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Post Office investigator with ‘heavy footprint’ in scandal due at inquiry

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Post Office investigator with ‘heavy footprint’ in scandal due at inquiry

It follows an announcement from the Prime Minister that all victims of the miscarriage of justice will be exonerated with a new law

A Post Office investigator who has been described as having a “heavy footprint” in the Horizon IT scandal is due to give evidence for the inquiry’s first hearing of the year.

The statutory inquiry, which began in 2021 and is chaired by retired judge Sir Wyn Williams, has previously looked at the human impact of the scandal, the Horizon system roll-out and the operating of the system, and is now probing the action taken against subpostmasters.

The probe was established to ensure there is a “public summary of the failings which occurred with the Horizon IT system at the Post Office” and subsequently led to the wrongful convictions of subpostmasters.

Stephen Bradshaw is scheduled to give evidence on Thursday after being involved in the criminal investigation of nine subpostmasters, including Lisa Brennan, a former counter clerk at a post office in Huyton, near Liverpool, who was falsely accused of stealing £3,000 in 2003.

Mr Bradshaw has also been accused by fellow Merseyside subpostmistress Rita Threlfall of asking her for the colour of her eyes and what jewellery she wore before saying: “Good, so we’ve got a description of you for when they come” during her interview under caution in August 2010.

Lead counsel to the inquiry Jason Beer KC previously described Mr Bradshaw as having a “heavy footprint” in the scandal.

His evidence will form part of phase four of the Post Office Horizon IT Inquiry which began in July last year and is looking at the action that was taken against subpostmasters including audits, investigations and criminal proceedings.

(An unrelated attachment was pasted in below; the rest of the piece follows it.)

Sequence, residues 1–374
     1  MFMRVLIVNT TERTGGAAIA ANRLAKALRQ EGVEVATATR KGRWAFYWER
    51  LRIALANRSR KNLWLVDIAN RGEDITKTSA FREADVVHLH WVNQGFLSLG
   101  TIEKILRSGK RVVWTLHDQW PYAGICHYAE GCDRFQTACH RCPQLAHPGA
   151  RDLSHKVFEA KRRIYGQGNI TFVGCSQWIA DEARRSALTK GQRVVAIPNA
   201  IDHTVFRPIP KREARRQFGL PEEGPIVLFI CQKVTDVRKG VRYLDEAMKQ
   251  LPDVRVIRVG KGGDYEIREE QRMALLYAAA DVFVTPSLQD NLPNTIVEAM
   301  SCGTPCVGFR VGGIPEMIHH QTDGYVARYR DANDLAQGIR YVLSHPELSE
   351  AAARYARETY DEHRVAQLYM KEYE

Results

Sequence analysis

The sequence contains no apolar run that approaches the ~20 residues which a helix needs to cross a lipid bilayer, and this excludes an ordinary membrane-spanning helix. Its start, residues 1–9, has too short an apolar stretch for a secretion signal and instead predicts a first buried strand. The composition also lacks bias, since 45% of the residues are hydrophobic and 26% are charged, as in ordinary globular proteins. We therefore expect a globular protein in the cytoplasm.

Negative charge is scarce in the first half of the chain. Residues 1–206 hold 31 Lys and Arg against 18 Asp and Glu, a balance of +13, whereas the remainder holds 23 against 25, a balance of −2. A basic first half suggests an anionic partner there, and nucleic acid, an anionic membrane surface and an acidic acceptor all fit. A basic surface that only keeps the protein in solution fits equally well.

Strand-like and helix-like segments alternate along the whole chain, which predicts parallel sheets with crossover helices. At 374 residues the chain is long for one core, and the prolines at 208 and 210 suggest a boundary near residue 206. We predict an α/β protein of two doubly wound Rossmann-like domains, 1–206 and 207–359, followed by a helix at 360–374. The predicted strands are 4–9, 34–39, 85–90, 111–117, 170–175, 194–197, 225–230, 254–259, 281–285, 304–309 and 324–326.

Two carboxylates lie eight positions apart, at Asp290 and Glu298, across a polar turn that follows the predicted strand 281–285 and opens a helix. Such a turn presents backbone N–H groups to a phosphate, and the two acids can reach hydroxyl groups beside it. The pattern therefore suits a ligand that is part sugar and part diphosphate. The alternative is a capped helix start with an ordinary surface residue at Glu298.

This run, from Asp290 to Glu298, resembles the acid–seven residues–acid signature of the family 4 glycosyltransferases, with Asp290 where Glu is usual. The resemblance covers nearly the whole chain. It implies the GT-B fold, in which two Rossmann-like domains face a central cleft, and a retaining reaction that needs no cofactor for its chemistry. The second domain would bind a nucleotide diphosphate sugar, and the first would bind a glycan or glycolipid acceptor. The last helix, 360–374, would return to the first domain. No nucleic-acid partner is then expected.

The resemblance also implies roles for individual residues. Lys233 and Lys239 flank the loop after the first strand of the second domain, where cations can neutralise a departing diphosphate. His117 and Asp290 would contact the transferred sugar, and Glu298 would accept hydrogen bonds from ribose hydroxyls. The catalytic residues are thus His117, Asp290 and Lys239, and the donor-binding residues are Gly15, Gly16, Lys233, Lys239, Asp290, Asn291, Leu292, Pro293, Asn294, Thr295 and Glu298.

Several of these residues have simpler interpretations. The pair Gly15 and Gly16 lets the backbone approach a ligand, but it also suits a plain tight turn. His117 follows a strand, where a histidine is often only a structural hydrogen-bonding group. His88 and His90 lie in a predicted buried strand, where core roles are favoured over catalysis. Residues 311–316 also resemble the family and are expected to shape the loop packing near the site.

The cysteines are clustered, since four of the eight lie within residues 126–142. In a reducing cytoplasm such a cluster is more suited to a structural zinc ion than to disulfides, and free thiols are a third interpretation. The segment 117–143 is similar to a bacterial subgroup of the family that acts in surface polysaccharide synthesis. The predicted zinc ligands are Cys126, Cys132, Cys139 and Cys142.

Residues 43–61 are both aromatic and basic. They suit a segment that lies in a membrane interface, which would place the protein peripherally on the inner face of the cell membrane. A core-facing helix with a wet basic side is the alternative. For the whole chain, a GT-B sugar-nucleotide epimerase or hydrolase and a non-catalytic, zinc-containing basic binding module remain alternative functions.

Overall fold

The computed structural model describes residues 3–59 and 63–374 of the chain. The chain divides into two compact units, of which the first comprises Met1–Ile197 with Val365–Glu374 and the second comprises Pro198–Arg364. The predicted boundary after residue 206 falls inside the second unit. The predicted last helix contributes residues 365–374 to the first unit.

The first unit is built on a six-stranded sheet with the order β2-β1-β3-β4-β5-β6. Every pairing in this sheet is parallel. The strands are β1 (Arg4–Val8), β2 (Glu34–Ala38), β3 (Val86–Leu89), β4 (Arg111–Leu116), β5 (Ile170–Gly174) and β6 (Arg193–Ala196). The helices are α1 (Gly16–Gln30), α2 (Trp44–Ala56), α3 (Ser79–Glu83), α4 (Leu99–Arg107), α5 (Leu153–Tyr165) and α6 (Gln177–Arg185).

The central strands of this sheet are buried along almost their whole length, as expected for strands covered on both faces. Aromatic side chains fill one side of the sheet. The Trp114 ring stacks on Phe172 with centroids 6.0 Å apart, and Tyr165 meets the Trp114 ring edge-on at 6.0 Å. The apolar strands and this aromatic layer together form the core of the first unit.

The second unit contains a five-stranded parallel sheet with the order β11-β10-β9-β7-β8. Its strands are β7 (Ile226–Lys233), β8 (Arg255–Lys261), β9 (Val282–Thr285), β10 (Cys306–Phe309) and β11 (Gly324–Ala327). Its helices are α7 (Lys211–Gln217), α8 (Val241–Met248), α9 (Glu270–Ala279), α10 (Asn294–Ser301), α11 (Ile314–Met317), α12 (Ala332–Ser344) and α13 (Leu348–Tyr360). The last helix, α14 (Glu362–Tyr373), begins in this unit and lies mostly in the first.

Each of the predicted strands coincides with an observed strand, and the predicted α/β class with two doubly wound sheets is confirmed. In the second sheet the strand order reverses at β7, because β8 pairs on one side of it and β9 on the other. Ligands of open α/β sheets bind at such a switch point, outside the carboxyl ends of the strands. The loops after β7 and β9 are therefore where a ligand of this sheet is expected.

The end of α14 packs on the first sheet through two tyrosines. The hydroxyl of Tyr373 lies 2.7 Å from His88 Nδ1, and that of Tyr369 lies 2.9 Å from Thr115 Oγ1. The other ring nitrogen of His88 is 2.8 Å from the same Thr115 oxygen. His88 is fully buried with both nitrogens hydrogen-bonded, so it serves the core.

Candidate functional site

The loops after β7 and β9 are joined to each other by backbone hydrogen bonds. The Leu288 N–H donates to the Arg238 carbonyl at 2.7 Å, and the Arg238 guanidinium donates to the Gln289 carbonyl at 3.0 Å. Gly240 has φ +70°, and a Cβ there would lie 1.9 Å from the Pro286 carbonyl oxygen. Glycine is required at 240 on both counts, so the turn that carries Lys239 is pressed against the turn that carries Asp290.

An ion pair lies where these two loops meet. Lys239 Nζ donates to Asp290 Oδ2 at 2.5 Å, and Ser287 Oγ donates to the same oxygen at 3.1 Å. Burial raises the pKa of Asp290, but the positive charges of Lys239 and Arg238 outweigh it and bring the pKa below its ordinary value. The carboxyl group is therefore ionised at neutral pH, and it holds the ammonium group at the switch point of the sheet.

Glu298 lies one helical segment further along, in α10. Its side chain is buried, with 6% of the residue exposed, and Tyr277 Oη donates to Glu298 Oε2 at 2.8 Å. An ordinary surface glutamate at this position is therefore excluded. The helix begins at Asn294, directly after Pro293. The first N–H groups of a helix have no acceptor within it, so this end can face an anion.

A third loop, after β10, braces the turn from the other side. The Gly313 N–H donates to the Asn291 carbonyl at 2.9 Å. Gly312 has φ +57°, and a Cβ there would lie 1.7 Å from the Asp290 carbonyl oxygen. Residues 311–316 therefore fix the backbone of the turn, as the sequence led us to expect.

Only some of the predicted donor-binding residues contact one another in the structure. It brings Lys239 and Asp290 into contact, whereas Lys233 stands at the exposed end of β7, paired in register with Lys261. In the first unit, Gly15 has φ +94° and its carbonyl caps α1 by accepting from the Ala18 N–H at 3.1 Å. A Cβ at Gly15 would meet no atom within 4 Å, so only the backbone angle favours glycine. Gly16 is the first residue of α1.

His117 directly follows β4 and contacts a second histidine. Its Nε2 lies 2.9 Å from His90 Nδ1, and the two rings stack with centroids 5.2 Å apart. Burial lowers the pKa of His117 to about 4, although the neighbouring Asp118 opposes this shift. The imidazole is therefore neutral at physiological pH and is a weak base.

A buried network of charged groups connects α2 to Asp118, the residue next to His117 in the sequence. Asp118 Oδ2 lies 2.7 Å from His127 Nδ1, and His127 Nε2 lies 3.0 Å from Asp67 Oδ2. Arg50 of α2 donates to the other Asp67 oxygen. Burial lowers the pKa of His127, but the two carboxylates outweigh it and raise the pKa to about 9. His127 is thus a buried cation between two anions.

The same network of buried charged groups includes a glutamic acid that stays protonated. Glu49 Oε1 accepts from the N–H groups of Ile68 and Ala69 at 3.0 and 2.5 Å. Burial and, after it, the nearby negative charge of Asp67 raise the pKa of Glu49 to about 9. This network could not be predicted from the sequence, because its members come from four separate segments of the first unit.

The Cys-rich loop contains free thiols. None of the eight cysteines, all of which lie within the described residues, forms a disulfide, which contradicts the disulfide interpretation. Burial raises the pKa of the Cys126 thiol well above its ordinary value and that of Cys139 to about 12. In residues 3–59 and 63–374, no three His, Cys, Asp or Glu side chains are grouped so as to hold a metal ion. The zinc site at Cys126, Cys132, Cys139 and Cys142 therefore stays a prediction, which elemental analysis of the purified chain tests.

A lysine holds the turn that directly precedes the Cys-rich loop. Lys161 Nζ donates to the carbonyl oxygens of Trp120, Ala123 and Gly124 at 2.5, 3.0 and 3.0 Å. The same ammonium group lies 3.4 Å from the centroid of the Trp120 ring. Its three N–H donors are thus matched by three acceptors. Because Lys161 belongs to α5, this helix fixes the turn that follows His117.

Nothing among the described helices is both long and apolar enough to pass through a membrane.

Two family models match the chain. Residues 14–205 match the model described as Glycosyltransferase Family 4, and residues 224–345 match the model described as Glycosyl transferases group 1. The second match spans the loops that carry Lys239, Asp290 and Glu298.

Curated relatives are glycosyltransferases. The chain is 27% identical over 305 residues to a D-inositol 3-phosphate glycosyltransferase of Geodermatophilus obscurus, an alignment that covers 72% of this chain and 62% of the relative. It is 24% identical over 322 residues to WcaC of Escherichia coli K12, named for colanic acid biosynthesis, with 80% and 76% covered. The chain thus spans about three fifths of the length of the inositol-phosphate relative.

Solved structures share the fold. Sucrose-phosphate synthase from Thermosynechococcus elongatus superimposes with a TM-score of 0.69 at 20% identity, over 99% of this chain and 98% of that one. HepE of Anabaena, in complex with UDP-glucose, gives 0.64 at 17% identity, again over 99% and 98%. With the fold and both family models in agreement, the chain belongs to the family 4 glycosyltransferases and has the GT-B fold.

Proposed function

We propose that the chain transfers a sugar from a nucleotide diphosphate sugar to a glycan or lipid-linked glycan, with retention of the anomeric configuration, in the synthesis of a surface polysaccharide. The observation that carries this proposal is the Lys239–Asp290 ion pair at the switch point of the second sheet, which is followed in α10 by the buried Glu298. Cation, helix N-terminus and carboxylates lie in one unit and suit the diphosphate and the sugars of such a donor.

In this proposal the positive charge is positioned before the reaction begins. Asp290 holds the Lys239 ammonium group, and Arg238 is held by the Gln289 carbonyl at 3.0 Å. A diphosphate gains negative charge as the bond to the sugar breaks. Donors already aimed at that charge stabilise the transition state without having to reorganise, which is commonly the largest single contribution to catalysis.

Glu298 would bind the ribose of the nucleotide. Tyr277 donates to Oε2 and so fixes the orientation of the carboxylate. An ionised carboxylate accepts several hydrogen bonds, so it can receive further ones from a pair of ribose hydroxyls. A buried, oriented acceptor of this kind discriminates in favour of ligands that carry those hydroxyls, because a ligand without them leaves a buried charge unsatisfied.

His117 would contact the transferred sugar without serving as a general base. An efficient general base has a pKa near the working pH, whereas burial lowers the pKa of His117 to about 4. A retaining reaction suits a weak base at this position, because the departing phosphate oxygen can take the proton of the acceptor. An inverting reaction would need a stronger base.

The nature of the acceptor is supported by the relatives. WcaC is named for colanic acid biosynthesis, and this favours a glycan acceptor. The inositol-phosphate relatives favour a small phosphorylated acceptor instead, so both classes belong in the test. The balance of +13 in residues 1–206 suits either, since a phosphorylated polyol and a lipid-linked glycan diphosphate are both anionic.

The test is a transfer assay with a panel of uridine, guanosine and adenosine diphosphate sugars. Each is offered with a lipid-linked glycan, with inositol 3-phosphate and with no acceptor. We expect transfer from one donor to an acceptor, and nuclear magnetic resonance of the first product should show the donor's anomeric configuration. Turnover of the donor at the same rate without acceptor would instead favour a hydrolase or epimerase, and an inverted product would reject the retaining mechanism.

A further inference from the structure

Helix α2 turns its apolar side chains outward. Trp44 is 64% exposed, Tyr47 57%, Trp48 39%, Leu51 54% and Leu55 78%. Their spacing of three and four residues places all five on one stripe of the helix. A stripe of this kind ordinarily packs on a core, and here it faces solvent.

Mr Bradshaw was due to answer questions in November, but disclosure failings from the Post Office meant the hearing was delayed until Thursday.

Earlier in phase four, a former Post Office lawyer apologised for prosecuting Ms Brennan who was left homeless with her young daughter after being wrongly convicted of theft.

Theresa Williamson said she was “angry” that material concerning the faulty computer system was not disclosed to her before Ms Brennan’s prosecution, saying: “We should have been told these things.”

The actions of other lawyers and investigators have also come under scrutiny from Mr Beer and his team over the past few months.

In September last year, former legal case manager Mandy Talbot told the probe she had “nothing to hide” despite appearing to suggest dealing with a subpostmistress’s claim of system defectiveness by saying: “How much to go away and keep your mouth shut?”

In the same month, former Post Office auditor Helen Rose was grilled over giving “inaccurate” information to the High Court which led to the bankruptcy of East Yorkshire subpostmaster Lee Castleton.

In July, the head of legal services at the Post Office, Ben Foat, also apologised at the inquiry after a document surfaced which used the racist term “negroid types” to describe wrongly convicted subpostmasters.

The inquiry has also been littered with delays because of disclosure failings from the Post Office.

In November, Mr Beer said around 363,000 emails had been found on a legacy mailing system, and said the previous disclosure failings had led some to use the phrase “cover up”.

Phase four of the inquiry is due to last until the beginning of next month.

Published: by Radio NewsHub

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